Sub caters to adventurers with zest to learn
By Catherine Lackner
Businesses are springing up to cater to a new type of traveler — the adventurer who wants to stay active, learn a skill and perhaps contribute to science while on vacation.
"We are an ocean exploration company," said Guillermo Söhnlein, co-founder and chief operating office of OceanGate. Founded in Seattle in 2009, the firm recently opened its second outpost, this time in Miami.
OceanGate's submersible five-person submarine, "Antipodes," supports marine ocean research and is available for hire, but that's not its primary purpose.
"Sometimes we get calls from researchers who have funds and need a submarine," Mr. Söhnlein said, "but our focus is more on researchers who do not have funds. We find researchers who are doing interesting, valuable work or who are in interesting locations. We package expeditions around what they do, and we fund it by catering to what I call the citizen scientist."
The citizen scientist, he explained, becomes part of the crew, helps gather data or does whatever is required to propel the expedition.
"What we do is not a tourism operation," he said. "Our expeditions are working in the field. Everyone has to participate. We allow citizen scientists to pay, but we hire them as part of the crew."
Training takes from two to seven days, he said.
His clientele "comes from all different walks of life," Mr. Söhnlein said. "They do have some financial resources; this is not cheap." He said costs can range from $7,500 to $40,000 per person, depending on the length and complexity of the mission.
"It can be pricey, but for somebody who takes a number of vacations or trips per year, it's not unreasonable," he said. "This is for someone who is looking for more than just a destination vacation, who wants to do something active and meaningful in their time away."
OceanGate chose to expand its business here for a number of reasons, he said. "Miami has great weather year-round, and it has connections to the ocean, both in the maritime industry and the tourism industry."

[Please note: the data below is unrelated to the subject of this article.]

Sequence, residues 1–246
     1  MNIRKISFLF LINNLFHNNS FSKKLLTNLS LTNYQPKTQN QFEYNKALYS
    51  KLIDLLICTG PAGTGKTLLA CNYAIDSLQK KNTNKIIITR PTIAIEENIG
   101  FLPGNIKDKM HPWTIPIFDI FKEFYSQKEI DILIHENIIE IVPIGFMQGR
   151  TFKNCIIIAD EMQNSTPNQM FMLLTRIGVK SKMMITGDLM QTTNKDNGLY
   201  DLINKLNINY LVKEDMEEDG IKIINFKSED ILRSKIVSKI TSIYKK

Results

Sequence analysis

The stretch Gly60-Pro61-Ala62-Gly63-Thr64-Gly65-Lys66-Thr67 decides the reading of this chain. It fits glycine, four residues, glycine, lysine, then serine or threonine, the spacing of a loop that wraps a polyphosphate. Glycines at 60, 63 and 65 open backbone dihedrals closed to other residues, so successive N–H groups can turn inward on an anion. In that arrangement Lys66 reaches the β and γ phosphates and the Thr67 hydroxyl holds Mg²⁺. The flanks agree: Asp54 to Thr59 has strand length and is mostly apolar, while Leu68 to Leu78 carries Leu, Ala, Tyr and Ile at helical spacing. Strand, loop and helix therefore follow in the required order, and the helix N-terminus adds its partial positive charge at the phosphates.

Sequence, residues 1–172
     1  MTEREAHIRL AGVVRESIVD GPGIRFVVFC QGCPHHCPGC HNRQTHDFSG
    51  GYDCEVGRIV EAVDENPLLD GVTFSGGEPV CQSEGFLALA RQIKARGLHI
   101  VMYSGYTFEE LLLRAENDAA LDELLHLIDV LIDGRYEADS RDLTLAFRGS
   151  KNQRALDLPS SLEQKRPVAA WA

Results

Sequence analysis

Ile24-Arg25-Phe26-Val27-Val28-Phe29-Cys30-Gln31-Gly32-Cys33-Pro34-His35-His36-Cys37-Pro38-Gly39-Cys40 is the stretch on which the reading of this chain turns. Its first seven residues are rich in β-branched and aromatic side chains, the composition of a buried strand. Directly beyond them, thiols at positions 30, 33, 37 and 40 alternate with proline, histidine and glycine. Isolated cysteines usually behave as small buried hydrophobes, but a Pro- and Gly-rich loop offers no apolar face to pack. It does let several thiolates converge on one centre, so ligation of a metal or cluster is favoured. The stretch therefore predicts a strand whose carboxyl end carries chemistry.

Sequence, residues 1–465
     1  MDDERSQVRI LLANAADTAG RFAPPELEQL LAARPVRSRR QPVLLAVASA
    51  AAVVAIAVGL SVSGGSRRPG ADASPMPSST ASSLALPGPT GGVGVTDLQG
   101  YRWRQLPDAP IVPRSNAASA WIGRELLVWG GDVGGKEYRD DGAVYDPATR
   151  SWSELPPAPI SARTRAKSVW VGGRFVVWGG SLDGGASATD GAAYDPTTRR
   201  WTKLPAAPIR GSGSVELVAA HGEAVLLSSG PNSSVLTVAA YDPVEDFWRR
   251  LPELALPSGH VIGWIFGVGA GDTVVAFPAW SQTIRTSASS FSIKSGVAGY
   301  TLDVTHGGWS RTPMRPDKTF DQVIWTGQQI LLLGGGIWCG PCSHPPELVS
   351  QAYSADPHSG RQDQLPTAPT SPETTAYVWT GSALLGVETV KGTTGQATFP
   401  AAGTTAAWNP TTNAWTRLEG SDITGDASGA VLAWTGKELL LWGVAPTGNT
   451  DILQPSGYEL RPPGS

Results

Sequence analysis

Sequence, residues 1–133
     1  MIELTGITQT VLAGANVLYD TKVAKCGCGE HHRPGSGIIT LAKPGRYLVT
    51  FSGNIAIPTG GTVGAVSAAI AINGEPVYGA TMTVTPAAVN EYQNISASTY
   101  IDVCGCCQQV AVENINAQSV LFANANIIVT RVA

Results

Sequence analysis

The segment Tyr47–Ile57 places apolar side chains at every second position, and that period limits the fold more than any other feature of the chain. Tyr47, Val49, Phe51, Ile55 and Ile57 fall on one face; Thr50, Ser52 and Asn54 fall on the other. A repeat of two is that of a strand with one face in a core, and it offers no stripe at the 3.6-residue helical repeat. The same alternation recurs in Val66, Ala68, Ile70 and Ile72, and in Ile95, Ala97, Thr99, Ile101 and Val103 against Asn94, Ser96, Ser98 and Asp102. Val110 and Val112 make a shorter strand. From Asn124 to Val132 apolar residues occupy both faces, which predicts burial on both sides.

The company also looked at San Diego and Santa Barbara, CA, but "we liked the Atlantic, the Gulf of Mexico and the Caribbean," Mr. Söhnlein said. "Miami is an international hub of business, and the Rosenstiel School at the University of Miami is one of the top marine programs."
Initially, the Miami location will run with about eight staff people, but Mr. Söhnlein said the company hopes to eventually employ 22. If all goes well, he said, OceanGate will acquire another submersible that can dive deeper. The future, he added, looks bright.
"This business model is trending in other areas, and we think it will do well here. This trend of using citizen scientists is a slight offshoot of another idea — voluntourism — in which people pay money to volunteer. It also ties into the growing trend of social entrepreneurship. That's why we decided to do this, instead of another tech company in Silicon Valley."
"We are talking of working with OceanGate," said Roni Avizzar, dean and professor of meteorology and physical oceanography at the University of Miami's Rosenstiel School of Atmospheric and Marine Science. "As of now, we don't have any programs for taking people who are interested on our scientific missions."
"I know OceanGate is interested," he continued, "but I have not yet identified any scientific mission that would be able to take crew members along."
Nevertheless, "The job of the university is to educate kids of all ages," he said. "We see it as part of our mission to broadly diffuse what we have learned to the public. This would be a hands-on way of showing what research is all about, and a different technique of teaching. It's one thing to watch it on TV, but to experience it yourself is so much better. Certainly this is something we have in the back of our minds."
"We are not exactly like OceanGate," said Emily Penn, program director of Pangaea Exploration. "We have a sailing boat, and we work on both oceans." Pangaea's vessel, the "Sea Dragon," has sailed more than 35,000 miles across the Atlantic and Pacific, studying the state of the marine environment.
"By allowing guest crews to come on board, scientists can get the research for free," Ms. Penn said. "Everyone is part of the watch system, 24/7. They steer, change the sails, work on the rigging, as well as cooking, cleaning and so on.
"With the scientists and mission leaders doing the training, we generally find that everyone has some sort of brilliant skill," Ms. Penn said. "It might be something unexpected — if you're already a sailor, then maybe you're also a filmmaker or a writer. A big part of what we're trying to do is to communicate and tell the world what's happening.
"A whole mix of people make up the team," she continued. "The most important thing is willingness to participate and get involved. We make sure there's an even mix of skills for each expedition."
Expeditions are usually one to five weeks and team members are expected to pay about $300 a day, plus their air fares to wherever the boat is docked, she said.
A second sailboat is the next goal, she said, along with being able to take on more research projects with the larger fleet.
But even with one vessel, "The experience that our crew members have is just absolutely incredible," Ms. Penn said. "I went out there and had a life-changing experience. It's an opportunity to spend time in a very unique environment, among an amazing bunch of people."
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